Factoring in their limited attention span together with their growing awareness on social and environmental concerns, it is crucial that Gen Zs find the right platform that can fuel both characteristics. Short-form videos can be one.
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How brands can communicate to Gen Z using short-form videos
Euden Valdez (Philstar.com) - August 7, 2019 - 11:45am

SINGAPORE — Generation Z is the smartphone generation. In a 2019 survey conducted among 79,000 internet users aged 16 to 22 from 45 markets around the globe, 97% own a smartphone. On average, Gen Zs spend four hours and 15 minutes on screen a day.

While they spend more time on their smartphones, Gen Zs, on the contrary, seem to have lesser attention span on online content, according to Kantar China CEO Rana Deepender at the recently concluded TikTok Southeast Asia Creators and Content Marketing Conference at the Marina Bay Sands.

READ: TikTok connects creators and brands at first regional conference in Singapore

It’s not all bad. “They are actually very good kids,” said the Kantar executive during the panel discussion about the power of short-form videos.

“This is the generation that smokes the least, drinks the least… They are very environmentally conscious. So they also expect the brands to act responsibly,” Deepender explained.

Factoring in their limited attention span together with their growing awareness on social and environmental concerns, it is crucial that they find the right platform that can fuel both characteristics.

Gen Z wants authenticity

In Southeast Asia, Generation Z is no different. “Kantar has done a study on Generation Z in Southeast Asia,” said Chito Jusi, head of media at Kantar Singapore, in the same panel discussion.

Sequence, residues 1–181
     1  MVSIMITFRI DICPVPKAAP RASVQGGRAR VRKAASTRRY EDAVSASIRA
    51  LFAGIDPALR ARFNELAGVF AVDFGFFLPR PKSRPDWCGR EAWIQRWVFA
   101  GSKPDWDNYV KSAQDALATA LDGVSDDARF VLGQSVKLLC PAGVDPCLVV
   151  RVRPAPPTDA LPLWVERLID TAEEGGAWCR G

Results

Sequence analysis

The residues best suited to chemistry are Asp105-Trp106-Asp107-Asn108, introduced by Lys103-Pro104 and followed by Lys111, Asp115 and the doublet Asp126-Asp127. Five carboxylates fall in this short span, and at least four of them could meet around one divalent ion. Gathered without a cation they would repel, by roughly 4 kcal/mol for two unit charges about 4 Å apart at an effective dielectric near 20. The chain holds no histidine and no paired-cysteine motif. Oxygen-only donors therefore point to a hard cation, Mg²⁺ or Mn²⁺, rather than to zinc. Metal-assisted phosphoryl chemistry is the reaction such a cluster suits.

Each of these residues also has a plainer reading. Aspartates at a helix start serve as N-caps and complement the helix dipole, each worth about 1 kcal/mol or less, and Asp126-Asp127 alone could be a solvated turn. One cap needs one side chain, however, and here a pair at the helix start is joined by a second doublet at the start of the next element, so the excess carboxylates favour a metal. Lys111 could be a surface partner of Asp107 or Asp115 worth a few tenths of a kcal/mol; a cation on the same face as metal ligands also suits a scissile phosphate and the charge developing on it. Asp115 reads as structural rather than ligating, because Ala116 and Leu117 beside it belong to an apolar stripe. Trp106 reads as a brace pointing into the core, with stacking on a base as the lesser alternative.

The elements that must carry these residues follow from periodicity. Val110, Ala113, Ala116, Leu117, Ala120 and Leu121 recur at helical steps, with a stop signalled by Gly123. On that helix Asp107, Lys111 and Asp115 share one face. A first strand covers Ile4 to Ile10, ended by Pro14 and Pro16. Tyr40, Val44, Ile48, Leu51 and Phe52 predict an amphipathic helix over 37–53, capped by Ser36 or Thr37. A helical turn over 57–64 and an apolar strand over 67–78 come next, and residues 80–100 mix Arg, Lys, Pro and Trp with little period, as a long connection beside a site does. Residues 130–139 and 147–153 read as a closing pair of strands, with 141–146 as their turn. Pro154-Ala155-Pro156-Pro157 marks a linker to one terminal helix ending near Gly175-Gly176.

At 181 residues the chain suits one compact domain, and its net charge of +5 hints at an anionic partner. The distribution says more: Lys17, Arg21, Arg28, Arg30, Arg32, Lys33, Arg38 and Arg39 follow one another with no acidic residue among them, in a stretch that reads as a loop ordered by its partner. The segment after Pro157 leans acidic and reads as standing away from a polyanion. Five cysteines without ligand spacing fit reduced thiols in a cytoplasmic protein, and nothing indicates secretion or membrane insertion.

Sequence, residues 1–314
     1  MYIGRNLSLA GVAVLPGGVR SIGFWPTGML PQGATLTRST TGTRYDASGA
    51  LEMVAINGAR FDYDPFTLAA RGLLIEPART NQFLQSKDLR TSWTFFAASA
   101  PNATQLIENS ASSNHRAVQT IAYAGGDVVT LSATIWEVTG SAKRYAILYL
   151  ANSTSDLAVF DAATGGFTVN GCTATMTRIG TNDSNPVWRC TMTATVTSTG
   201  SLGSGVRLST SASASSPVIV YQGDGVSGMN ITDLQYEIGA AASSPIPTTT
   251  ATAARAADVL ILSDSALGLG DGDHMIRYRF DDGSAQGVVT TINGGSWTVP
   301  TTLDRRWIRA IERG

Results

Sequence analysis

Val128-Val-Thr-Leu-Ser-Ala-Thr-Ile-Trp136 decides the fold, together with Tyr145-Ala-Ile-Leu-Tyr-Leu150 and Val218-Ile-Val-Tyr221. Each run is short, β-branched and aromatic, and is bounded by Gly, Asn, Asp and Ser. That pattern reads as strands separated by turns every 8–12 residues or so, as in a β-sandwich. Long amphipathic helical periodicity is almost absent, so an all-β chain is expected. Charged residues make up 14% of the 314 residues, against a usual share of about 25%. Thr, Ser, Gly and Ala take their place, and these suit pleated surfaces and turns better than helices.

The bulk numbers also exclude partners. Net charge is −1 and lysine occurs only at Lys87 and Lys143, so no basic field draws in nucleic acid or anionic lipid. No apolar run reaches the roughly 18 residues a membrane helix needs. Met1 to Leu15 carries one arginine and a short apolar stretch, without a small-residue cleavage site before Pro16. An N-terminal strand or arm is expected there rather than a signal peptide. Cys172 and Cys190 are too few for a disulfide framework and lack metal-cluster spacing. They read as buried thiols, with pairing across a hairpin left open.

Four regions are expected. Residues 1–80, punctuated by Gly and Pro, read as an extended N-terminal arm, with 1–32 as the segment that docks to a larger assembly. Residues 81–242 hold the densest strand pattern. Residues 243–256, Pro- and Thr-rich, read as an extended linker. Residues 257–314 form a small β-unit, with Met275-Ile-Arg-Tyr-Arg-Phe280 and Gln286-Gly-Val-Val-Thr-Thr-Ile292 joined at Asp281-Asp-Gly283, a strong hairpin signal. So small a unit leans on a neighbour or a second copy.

“This is the generation that basically grew up with smartphones… They are never without a mobile phone. 75% of them would rather be in a mobile phone than, say, watch television, listen to the radio or read the newspaper,” Jusi said.

Moderator Ethan Liu (left), TikTok's global marketing senior director, with panelists at "The Power of Short-form Videos" discussion (from second left to right): Kantar China CEO Rana Deepender, Kantar Singapore head of media Chito Jusi, Mindshare Singapore associate director category lead Jamie Wang, and TikTok Content Creator Karina Boenardi. Philstar.com/Euden Valdez

When they do go online, Jusi noted that Gen Zs go for entertainment, but not just any kind of entertainment.

“They like authentic entertainment. When they see videos that are overdesigned, overpolished, when they sense it is pretentious, when they think it is meant to fool them into thinking that a product is way cooler than it should be, or a person is someone that he or she is not, then they basically break away from that and they just shut it off,” he elaborated.

For Gen Zs, people on social media who are famous on their own merit are authentic. They can be pop culture geeks and experts, daredevils who love stunts, comedians and fresh talents. These are exactly the kinds of personalities who are gaining popularity on TikTok.